3. You must have a HACCP plan that, at a minimum, lists monitoring procedures for each critical control point, to comply with 21 CFR 123.6(c)(4). However, your firm’s HACCP plan for RTE cold smoked vacuum packed Atlantic and Wild Sockeye salmon products does not list adequate monitoring procedures at the curing critical control point to control the listed critical limits. The critical limits in your plan indicate that you are controlling salting at a ratio of [redacted] (i.e., of fish) and process time at [redacted] (i.e., of fish) thickness. Your procedures for “how” monitoring is to be performed list a “visual note of color/turgidity.” This visual check of color/turgidity is not adequate for monitoring and controlling the salting ratio and the process time.
4. You must implement the record keeping system that you listed in your HACCP plan to comply with 21 CFR 123.6(b). However, your firm did not record monitoring observations at several critical control points listed in your HACCP plan.
- Your firm did not record monitoring observations at the cooling critical control point to control pathogen growth hazard listed in your HACCP plan for RTE cold smoked vacuum packed Atlantic and Wild Sockeye salmon products. You are not maintaining records to demonstrate that cooling is monitored on [redacted] basis as listed in your HACCP plan at the cooling critical control point.
- Your firm has not implemented the record keeping system listed in your HACCP plan at the curing critical control point.
5. Since you chose to include corrective actions in your HACCP plan, your described corrective action procedures must be appropriate to comply with 21 CFR 123.7(b). A corrective action plan that is appropriate for a particular deviation is one that describes the steps to be taken and assigns responsibility for taking those steps, to ensure that no product enters commerce that is either injurious to health or is otherwise adulterated as a result of the deviation; and the cause of the deviation is corrected. However, your corrective action plan for your RTE cold smoked vacuum packed Atlantic and Wild Sockeye salmon products at the smoking critical control point to control Clostridium botulinurn, and at the cooling and storage critical control points to control pathogen growth is not appropriate because it does not take steps to ensure that the cause(s) of the deviations are corrected--it simply provides reheating instructions. Please see FDA’s Fish and Fishery Products Hazards and Controls Guidance: Third Edition for several examples of corrective action procedures that FDA recommends.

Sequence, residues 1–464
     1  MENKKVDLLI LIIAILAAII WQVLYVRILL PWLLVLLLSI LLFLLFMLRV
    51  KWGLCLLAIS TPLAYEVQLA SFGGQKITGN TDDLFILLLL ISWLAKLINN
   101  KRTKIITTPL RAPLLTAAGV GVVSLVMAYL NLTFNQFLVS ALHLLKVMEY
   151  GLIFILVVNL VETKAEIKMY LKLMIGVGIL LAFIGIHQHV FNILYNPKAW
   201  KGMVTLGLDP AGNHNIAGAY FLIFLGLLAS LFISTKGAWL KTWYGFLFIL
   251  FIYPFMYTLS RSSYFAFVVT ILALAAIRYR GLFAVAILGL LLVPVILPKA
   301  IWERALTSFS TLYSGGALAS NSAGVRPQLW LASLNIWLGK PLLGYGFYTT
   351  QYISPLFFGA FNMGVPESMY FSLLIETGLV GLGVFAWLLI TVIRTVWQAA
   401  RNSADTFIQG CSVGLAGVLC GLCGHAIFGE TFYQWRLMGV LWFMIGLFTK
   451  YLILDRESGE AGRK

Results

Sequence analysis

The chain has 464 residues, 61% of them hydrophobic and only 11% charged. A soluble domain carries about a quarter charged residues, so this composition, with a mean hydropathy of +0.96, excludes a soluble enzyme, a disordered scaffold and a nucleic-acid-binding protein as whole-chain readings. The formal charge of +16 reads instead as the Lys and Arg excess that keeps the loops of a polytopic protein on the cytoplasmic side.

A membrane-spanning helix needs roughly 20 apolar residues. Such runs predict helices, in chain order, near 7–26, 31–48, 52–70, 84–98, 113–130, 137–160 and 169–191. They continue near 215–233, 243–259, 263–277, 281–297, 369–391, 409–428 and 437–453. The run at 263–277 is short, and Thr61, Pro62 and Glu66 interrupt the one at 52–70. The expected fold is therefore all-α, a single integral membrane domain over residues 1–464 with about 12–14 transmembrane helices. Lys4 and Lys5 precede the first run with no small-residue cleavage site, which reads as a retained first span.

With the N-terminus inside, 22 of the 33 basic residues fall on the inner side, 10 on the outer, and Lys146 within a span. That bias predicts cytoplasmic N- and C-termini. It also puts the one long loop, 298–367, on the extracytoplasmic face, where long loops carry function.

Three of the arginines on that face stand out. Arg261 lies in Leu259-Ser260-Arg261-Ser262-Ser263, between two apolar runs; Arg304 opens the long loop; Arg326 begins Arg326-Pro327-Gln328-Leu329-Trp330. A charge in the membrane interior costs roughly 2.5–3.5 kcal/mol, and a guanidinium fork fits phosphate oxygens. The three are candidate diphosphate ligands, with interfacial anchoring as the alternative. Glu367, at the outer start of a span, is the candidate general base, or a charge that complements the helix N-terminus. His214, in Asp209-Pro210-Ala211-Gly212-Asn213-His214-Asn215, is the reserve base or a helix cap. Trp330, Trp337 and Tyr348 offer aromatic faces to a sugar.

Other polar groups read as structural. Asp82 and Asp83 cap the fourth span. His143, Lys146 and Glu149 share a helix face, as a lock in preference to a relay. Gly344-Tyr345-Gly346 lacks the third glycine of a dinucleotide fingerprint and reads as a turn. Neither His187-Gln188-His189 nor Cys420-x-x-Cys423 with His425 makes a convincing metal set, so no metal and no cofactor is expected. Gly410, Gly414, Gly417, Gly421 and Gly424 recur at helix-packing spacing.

We may take further action if you do not promptly correct the above violations. For instance, we may take further action to seize your product(s) and/or enjoin your firm from operating.
Please respond in writing within fifteen (15) working days from your receipt of this letter. Your response should outline the specific things you are doing to correct the deviations. You should include in your response any documentation, such as your revised HACCP plan, copies of completed monitoring records, or other useful information that would assist us in evaluating your corrections. If you cannot complete all corrections before you respond, we expect that you’will explain the reason for your delay and state when you will correct any remaining deficiencies.
This letter may not list all the deviations at your facility. You are responsible for ensuring that your processing plant operates in compliance with the Act, the seafood HACCP regulation and the Current Good Manufacturing Practice regulation (21 CFR Part 110). You also have a responsibility to use procedures to prevent further violations of the Federal Food, Drug, and Cosmetic Act and all applicable regulations.
You may direct your reply to Ann Simoneau, Compliance Officer, at the address noted above. If you have any questions concerning this matter, please contact Ms. Simoneau at (781) 596-7732.
Gail T. Costello
New England District Office